1. Special Leave granted.
2. It is not in dispute that on 23rd May, 2000 the respondent was a conductor performing his duties as Conductor in the bus belonging to APSRTC. When the vehicle was checked, it was detected that 16 illiterate lady passengers had been issued tickets of 0.50 paise denomination instead of Rs. 4/-. The respondent is alleged to have collected an extra amount from each of them which he pocketed. The checking staff had recorded the statement of the passengers whereafter a charge memo was issued to the respondent. After holding an inquiry, the management removed the respondent from service.
3. The respondent moved the Labour Court under Section 2A(2) of the Industrial Disputes Act, 1947 for setting aside the"order of removal from service passed by the Management. The Labour Court on a perusal of the evidence on record concluded that 16 lady passengers had in fact been given tickets of lower denomination of 0.50 paise each instead of Rs. 4/-. Had there been no checking of the vehicle, the respondent would have pocketed Rs. 52/- without being detected. It did not find any substance in the submission of the respondent that since the bus was overloaded he had issued- those tickets under a mistake. Negativing the contention of the respondent, the Labour Court held that the management having reposed confidence in the respondent as a conductor, since it found that he was not performing his duties with honesty and sincerity, it was justified in removing him from service. If such acts on the part of conductors are condoned, the ultimate sufferer will be the APSRTC.
4. The Labour Court also took into account the fact that this could not be an accidental slip in issuing tickets of lower denomination because such tickets were not issued to one or two passengers but to as many as 16 passengers, all of whom were found to be illiterate lady passengers. Considering all aspects of the matter, the Labour Court held that the misconduct was proved and the management was justified in removing the respondent from service.
5. The order of the Labour Court was impugned by the respondent before the High Court of Andhra Pradesh at Hyderabad in Writ Petition No. 25369 of 2004. The learned Judge after hearing the parties dismissed the writ petition filed under Article 226 of the Constitution of India and upheld the findings of the Inquiry Officer. The learned Judge also noticed that the respondent had not examined himself to establish that the findings of the Inquiry Officer were bad or perverse. He found no basis in the allegation that the proceeding conducted by the Inquiry Officer was not fair. The Writ Petition was, therefore, dismissed.
6. The respondent thereafter preferred Writ Appeal No. 1484 of 2005. The Division Bench which heard the appeal has virtually disposed it of in one paragraph which reads as follows :-
"Having heard the learned counsel on either side and on perusal of the material available on record, it is seen that the appellant is a senior employee and the incident appears to be an accidental one in his entire service. Nothing was brought on record by the respondents to show that at any time the appellant was involved in such irregularity. Having regard to the same and especially in view of the 16 passengers overloaded the bus, we feel that the order of termination is quite unjustified and gave excess gravity to the offence.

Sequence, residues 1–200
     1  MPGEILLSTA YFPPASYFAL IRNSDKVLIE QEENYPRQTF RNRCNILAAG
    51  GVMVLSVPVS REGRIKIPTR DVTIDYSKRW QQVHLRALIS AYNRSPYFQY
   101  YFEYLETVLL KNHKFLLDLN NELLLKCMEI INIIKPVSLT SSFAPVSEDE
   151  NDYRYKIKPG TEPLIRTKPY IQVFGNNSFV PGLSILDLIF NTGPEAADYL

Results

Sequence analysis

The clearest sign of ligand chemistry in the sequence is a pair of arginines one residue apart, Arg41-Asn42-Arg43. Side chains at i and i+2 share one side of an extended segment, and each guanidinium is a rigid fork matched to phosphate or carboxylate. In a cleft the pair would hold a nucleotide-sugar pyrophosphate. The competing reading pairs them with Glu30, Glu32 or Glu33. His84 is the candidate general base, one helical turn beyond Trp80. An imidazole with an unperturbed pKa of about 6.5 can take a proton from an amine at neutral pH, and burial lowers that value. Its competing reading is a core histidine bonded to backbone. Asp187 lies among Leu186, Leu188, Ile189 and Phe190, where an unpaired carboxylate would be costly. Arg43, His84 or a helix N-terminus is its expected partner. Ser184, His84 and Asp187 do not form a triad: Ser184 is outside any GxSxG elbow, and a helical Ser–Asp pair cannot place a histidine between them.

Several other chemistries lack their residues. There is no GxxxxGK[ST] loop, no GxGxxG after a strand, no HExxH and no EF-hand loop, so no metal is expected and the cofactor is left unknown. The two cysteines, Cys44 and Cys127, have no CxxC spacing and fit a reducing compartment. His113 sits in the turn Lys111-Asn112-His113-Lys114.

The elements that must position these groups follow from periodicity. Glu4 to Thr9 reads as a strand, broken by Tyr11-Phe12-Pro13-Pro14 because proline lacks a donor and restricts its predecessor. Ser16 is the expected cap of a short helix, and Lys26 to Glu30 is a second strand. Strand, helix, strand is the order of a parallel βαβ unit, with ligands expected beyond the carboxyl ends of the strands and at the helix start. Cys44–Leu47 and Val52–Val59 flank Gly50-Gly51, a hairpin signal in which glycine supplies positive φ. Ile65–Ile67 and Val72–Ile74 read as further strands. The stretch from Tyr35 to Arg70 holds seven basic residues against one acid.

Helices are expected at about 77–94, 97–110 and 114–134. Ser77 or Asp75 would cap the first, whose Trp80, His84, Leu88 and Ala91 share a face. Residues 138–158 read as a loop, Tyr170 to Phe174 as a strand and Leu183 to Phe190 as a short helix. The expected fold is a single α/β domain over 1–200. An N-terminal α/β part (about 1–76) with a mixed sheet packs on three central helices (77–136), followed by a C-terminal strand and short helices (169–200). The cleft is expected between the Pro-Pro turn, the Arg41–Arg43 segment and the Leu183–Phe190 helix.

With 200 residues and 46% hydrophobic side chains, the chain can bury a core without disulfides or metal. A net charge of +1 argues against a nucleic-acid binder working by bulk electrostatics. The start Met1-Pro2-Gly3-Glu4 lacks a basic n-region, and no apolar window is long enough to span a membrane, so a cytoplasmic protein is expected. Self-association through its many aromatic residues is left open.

The Writ Appeal is accordingly partly allowed to the extent that the award dated 19.4.2004 is set aside and in its place, we direct the second respondent to give fresh appointment to the appellant."
7. We fail to understand how the incident could be characterised as accidental. The mere fact that this was the first occasion when the respondent was caught, is no ground to hold that it was accidental. What weighed with the learned Judges was the fact that the respondent had not found to be involved in such irregularities earlier. In our view that is not very material in the facts of this case. A conductor of a bus enjoys the faith reposed in him. He accepts the responsibility of honestly collecting fares from the passengers after issuing proper tickets and is obliged to account for the money so collected. If conductors were to be dishonest in the performance of their duties, it would cause serious pecuniary loss to the employer. The High Court was, therefore, not justified in observing that the management gave "excess gravity" to the offence. We are constrained to observe that the High Court was not justified in characterising the order of the management as one induced by exaggeration of the gravity of the offence. The conductor performs only the duty of issuing tickets to the passengers and accounting for the fare collected from the passengers to the management. If he is dishonest in the performance of his duties, he is guilty of serious misconduct and the gravity of the misconduct cannot be minimized by the fact that he was not earlier caught indulging in such dishonest conduct. There is no guarantee that he had not acted dishonestly in the past as well which went undetected. Even one act of dishonesty amounting to breach of faith may invite serious punishment.
8. We are, therefore, satisfied that there was no justification for interfering with the order of the management which had been upheld by the Labour Court. We, therefore, allow this appeal, set aside the judgment and order of the Division Bench of the High Court impugned in this appeal and restore the order of the learned Single Judge dismissing the Writ Petition.
9. There shall be no order as to costs.